Select your localized edition:

Close ×

More Ways to Connect

Discover one of our 28 local entrepreneurial communities »

Be the first to know as we launch in new countries and markets around the globe.

Interested in bringing MIT Technology Review to your local market?

MIT Technology ReviewMIT Technology Review - logo


Unsupported browser: Your browser does not meet modern web standards. See how it scores »

{ action.text }

When you’re part of the group that runs the World Wide Web, it can be daunting to explain to your mother what you’ve done with your day. Take Paul Trevithick, chief technology officer for Bitstream, a Cambridge-based company that designs and sells computerized type fonts. Trevithick was in his hometown of San Jose for a meeting of the World Wide Web Consortium’s font group not too long ago, and after one day’s sessions he decided to visit his mother. “What did you do today, dear?” she asked.

“Well,” Trevithick responded, “we tried to define the future of how information will be published in any medium 10 years from now.”

That’s certainly a grand goal-and it’s business as usual for the World Wide Web Consortium. The consortium, known to insiders as W3C, has at last count 275 member organizations, including companies, nonprofit organizations, industry groups and government agencies from all over the world. This power-packed assemblage is the closest thing the famously decentralized Web has to a governing body. More than the U.S. government, whose funding created the Internet, and more than the telephone companies whose wires and fibers carry the Net’s digital traffic, it is the W3C that will largely determine the Web’s structure in the 21st century.

For a group with this much clout, W3C isn’t well known. Nor does it court fame. Its meetings are closed to outsiders. Although the consortium, based at MIT, has brought some order to the unruly thickets of the Web, it has plenty of critics who say the group has become a significant maker of public policy-and ought to start acting like one. They argue that the W3C should open its membership and meetings to broader, more democratic participation.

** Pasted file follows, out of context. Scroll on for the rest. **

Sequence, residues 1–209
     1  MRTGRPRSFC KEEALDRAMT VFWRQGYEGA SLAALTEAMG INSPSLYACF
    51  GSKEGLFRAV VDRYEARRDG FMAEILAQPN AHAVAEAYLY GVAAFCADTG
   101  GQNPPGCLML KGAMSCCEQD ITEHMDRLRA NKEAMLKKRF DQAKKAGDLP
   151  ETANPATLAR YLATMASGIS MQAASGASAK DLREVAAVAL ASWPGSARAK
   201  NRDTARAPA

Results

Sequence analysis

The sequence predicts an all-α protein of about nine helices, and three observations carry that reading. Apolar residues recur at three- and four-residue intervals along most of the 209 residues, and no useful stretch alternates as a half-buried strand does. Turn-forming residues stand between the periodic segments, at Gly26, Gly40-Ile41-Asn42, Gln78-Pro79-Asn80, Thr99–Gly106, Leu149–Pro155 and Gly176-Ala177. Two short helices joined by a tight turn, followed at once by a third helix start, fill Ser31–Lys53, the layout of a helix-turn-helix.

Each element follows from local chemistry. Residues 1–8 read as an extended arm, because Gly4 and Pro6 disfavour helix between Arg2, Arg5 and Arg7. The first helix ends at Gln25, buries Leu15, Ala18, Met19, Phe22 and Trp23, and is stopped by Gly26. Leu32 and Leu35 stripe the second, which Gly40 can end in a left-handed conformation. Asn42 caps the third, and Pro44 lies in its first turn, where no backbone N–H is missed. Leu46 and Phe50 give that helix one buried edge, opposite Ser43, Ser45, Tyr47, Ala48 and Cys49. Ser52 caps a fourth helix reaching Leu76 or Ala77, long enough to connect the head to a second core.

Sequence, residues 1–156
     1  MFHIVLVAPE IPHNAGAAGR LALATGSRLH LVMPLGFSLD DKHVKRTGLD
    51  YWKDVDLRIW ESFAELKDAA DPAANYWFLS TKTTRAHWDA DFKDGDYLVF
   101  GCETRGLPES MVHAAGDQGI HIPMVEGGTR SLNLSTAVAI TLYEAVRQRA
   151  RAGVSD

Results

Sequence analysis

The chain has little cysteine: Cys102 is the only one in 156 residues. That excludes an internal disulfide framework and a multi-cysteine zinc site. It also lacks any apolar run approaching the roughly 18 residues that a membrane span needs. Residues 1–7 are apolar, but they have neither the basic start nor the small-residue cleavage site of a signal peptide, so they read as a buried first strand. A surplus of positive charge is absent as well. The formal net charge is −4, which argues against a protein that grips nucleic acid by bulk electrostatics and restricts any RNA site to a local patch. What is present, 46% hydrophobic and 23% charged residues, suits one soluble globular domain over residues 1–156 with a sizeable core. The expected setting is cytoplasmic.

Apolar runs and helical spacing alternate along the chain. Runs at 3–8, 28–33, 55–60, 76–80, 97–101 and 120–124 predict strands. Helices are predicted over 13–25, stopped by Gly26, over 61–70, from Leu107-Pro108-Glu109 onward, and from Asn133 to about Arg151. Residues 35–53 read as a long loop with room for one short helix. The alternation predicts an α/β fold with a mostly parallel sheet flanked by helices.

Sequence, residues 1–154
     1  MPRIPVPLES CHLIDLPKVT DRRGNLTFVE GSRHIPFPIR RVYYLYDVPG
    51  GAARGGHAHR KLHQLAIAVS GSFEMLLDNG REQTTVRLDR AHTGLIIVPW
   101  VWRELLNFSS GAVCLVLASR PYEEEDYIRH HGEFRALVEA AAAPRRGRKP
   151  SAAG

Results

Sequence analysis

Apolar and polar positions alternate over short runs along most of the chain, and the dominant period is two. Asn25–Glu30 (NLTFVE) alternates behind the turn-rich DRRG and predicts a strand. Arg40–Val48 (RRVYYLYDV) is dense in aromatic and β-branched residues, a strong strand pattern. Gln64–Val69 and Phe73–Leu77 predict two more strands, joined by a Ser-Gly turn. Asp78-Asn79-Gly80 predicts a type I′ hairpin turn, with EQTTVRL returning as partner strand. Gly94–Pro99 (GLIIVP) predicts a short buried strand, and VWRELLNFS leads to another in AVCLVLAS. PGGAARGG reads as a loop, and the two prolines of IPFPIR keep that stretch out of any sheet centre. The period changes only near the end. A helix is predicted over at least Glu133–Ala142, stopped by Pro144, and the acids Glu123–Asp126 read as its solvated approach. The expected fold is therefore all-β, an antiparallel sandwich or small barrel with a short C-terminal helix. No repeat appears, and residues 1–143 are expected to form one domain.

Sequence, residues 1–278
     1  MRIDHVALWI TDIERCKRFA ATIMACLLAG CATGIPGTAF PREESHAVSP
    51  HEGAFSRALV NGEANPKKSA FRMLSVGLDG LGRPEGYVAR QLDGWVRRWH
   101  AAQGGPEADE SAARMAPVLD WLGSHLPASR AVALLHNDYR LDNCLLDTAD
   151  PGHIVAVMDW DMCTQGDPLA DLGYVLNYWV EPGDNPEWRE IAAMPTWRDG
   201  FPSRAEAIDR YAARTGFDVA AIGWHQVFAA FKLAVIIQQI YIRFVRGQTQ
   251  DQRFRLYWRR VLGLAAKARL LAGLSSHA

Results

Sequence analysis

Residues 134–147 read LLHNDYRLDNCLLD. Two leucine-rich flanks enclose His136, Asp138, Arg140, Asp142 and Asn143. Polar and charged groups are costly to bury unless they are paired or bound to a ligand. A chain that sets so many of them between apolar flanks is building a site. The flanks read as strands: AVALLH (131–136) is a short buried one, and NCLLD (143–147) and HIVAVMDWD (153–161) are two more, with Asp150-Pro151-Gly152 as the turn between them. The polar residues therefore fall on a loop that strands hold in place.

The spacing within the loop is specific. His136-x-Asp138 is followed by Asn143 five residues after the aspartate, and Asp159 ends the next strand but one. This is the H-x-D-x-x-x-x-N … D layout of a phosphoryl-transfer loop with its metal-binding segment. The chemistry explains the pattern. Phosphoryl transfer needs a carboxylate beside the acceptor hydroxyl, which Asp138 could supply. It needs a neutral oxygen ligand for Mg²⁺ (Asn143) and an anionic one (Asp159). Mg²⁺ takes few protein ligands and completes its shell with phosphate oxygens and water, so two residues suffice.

In addition, they say, the organization’s decisions and structure essentially reflect the personality of one man: Tim Berners-Lee, who invented the World Wide Web in the early 1990s while working at CERN, the European high-energy physics lab. Almost everyone involved with the Web has tremendous respect for Berners-Lee, now at the MIT Laboratory for Computer Science (LCS). But the consortium’s critics say that a body that has this much effect on a technology that affects us all can’t be the province of any one person. To test these claims and take our readers behind the scenes, Technology Review talked to the major players in the consortium and many of the group’s most thoughtful critics.


0 comments about this story. Start the discussion »

Tagged: Web

Reprints and Permissions | Send feedback to the editor

From the Archives


Introducing MIT Technology Review Insider.

Already a Magazine subscriber?

You're automatically an Insider. It's easy to activate or upgrade your account.

Activate Your Account

Become an Insider

It's the new way to subscribe. Get even more of the tech news, research, and discoveries you crave.

Sign Up

Learn More

Find out why MIT Technology Review Insider is for you and explore your options.

Show Me